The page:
marking in Old Romanian, e.g. on both a prenominal adjective and a noun, might
have triggered the more restrictive conditions in Modern Romanian. The authors
propose that the existence of a lower article in Romanian may support the
hypothesis that the diachronic source for the article what the Latin
POST-nominal ‘ille’ rather than a prenominal demonstrative. Noting a strong
correlation between the use of the lower article and the presence of genitive
complement phrase, the authors suggest that lower article may have been used in
order to facilitate the use of the more economical (simpler) type of genitive
construction. This bare genitive could only be used when a definite noun was
immediately preceding, exactly the result if the suffix was attached to a lower
noun rather than a higher adjective.

The eleventh chapter, “Coexisting structures and competing functions in genitive
word order” by Elisabetta Magni, examines variation in genitive ordering in
Latin and English and investigates how alternative orders arose and the contexts
in which they are favored. In English, the ‘of’-genitive and ‘s’-genitive have
been in competition since Old English, with the ‘of’-genitive initially rare
before gaining ground and then being again supplanted by the ‘s’-genitive in
Present Day English. Although which genitive is used is subject to probabilistic
variation, ‘of’-genitive use is correlated with inanimacy of the possessor while
with animate possessors the ‘s’-genitive is preferred. This difference in
function is potentially related to the sources for the two constructions; the
‘of’-genitive comes from a prepositional construction used to express spatial
movement from an inanimate source, the ‘s’-genitive possible evolved from a
construction with an animate pronominal modifier ‘his’ (e.g. “the bishop of Rome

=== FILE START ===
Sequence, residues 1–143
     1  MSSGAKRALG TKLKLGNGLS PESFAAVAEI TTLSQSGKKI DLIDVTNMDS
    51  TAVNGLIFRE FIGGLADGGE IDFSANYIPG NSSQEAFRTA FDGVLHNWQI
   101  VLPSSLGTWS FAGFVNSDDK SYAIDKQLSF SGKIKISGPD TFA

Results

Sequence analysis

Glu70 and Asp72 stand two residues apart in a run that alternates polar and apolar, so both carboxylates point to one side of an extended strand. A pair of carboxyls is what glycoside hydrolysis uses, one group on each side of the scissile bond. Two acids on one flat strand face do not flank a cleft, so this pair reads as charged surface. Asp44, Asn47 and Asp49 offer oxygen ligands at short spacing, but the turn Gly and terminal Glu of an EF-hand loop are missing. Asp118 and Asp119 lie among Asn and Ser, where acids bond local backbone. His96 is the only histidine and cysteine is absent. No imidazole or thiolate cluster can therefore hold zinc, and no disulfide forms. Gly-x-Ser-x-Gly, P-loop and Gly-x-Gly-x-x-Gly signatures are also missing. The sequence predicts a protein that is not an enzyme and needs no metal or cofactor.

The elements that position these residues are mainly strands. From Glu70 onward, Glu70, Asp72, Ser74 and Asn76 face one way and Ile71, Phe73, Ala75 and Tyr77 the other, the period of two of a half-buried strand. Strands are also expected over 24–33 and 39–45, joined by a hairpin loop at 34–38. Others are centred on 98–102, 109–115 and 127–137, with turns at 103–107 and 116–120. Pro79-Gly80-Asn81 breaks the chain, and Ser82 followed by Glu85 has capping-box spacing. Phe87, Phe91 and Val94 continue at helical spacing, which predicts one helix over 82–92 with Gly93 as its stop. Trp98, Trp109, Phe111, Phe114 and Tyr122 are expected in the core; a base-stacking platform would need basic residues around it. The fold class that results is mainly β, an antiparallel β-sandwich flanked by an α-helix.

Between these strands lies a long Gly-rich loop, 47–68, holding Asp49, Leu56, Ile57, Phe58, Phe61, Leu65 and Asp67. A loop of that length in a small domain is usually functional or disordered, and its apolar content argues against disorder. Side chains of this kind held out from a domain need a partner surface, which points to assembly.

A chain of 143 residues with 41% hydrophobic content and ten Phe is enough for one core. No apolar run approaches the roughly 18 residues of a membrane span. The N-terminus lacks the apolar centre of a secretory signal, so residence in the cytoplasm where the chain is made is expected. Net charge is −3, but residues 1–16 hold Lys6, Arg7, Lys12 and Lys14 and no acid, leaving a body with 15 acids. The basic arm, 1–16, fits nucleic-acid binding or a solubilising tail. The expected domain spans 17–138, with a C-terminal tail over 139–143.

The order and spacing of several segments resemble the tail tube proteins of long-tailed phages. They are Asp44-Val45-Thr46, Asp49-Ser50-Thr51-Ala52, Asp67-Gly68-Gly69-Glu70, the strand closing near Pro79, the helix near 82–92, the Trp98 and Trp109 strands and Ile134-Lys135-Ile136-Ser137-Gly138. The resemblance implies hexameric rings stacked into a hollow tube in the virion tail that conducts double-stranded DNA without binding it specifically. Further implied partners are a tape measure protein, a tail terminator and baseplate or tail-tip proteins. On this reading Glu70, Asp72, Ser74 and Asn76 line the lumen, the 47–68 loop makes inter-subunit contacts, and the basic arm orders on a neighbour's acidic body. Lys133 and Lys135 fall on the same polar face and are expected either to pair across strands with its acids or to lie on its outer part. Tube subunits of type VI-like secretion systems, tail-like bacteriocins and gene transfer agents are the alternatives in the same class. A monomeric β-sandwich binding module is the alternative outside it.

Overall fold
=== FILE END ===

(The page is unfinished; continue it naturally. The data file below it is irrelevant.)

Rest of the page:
his laws”). In Latin, the author also illustrates a functional load distinction
for the two genitive orders -- genitive-noun order appears to be used when the
two parts of the phrase are to be interpreted as a unit, while noun-genitive
order indicates some contrastive or new information. The author suggests that
genitive-noun constructions may have grammaticalized during a period of OV
syntax, while the use of noun-genitive constructions may preserve the order from
semantically similar noun-adjective phrases.

The twelfth chapter, “Anaphoric adjectives becoming determiners: A corpus-based
account” by Freek Van de Velde, argues that certain anaphoric adjectives in
Dutch can function as determiners and shows that this use is increasing in
frequency. The author uses several criteria proposed to hold (for the most part)
of determiners -- mutual exclusivity with other determiners, obligatoriness (at
least when a noun phrase is used as an argument), linear ordering at the
periphery with respect to numerals and adjectives, and exclusion from predicate
position. The adjectives in question are anaphoric adjectives like ‘voornoemd’
(‘aforementioned’), ‘bedoeld’ (‘intended’), ‘gezegd’ (‘said’), each of which can
seemingly occur in constructions without a proper determiner as in (3).

(3) Voornoemde heer bezigde onheuse taal
Aforementioned man used inappropriate language

In these cases, the anaphoric adjectives do not co-occur with any other
determiners, follow inflectional patterns of determiners rather than adjectives,
precede all numerals, and cannot appear in predicate position. Although they are
sometimes preceded by an article, the author argues that this is not unusual for
elements that can function as determiners but can also fill another slot (e.g.
English adnominal elements like ‘many’). Using corpus data, the author
illustrates the trend away from using the article with these newly developing
determiners throughout the period of Late Modern Dutch (the corpus spans from

The thirteenth chapter “From N to D: Charting the time course of the internal
rise of French n-words” by Viviane Déprez, investigates the structural position
of French n-words and proposes a set of diachronic steps connecting changes in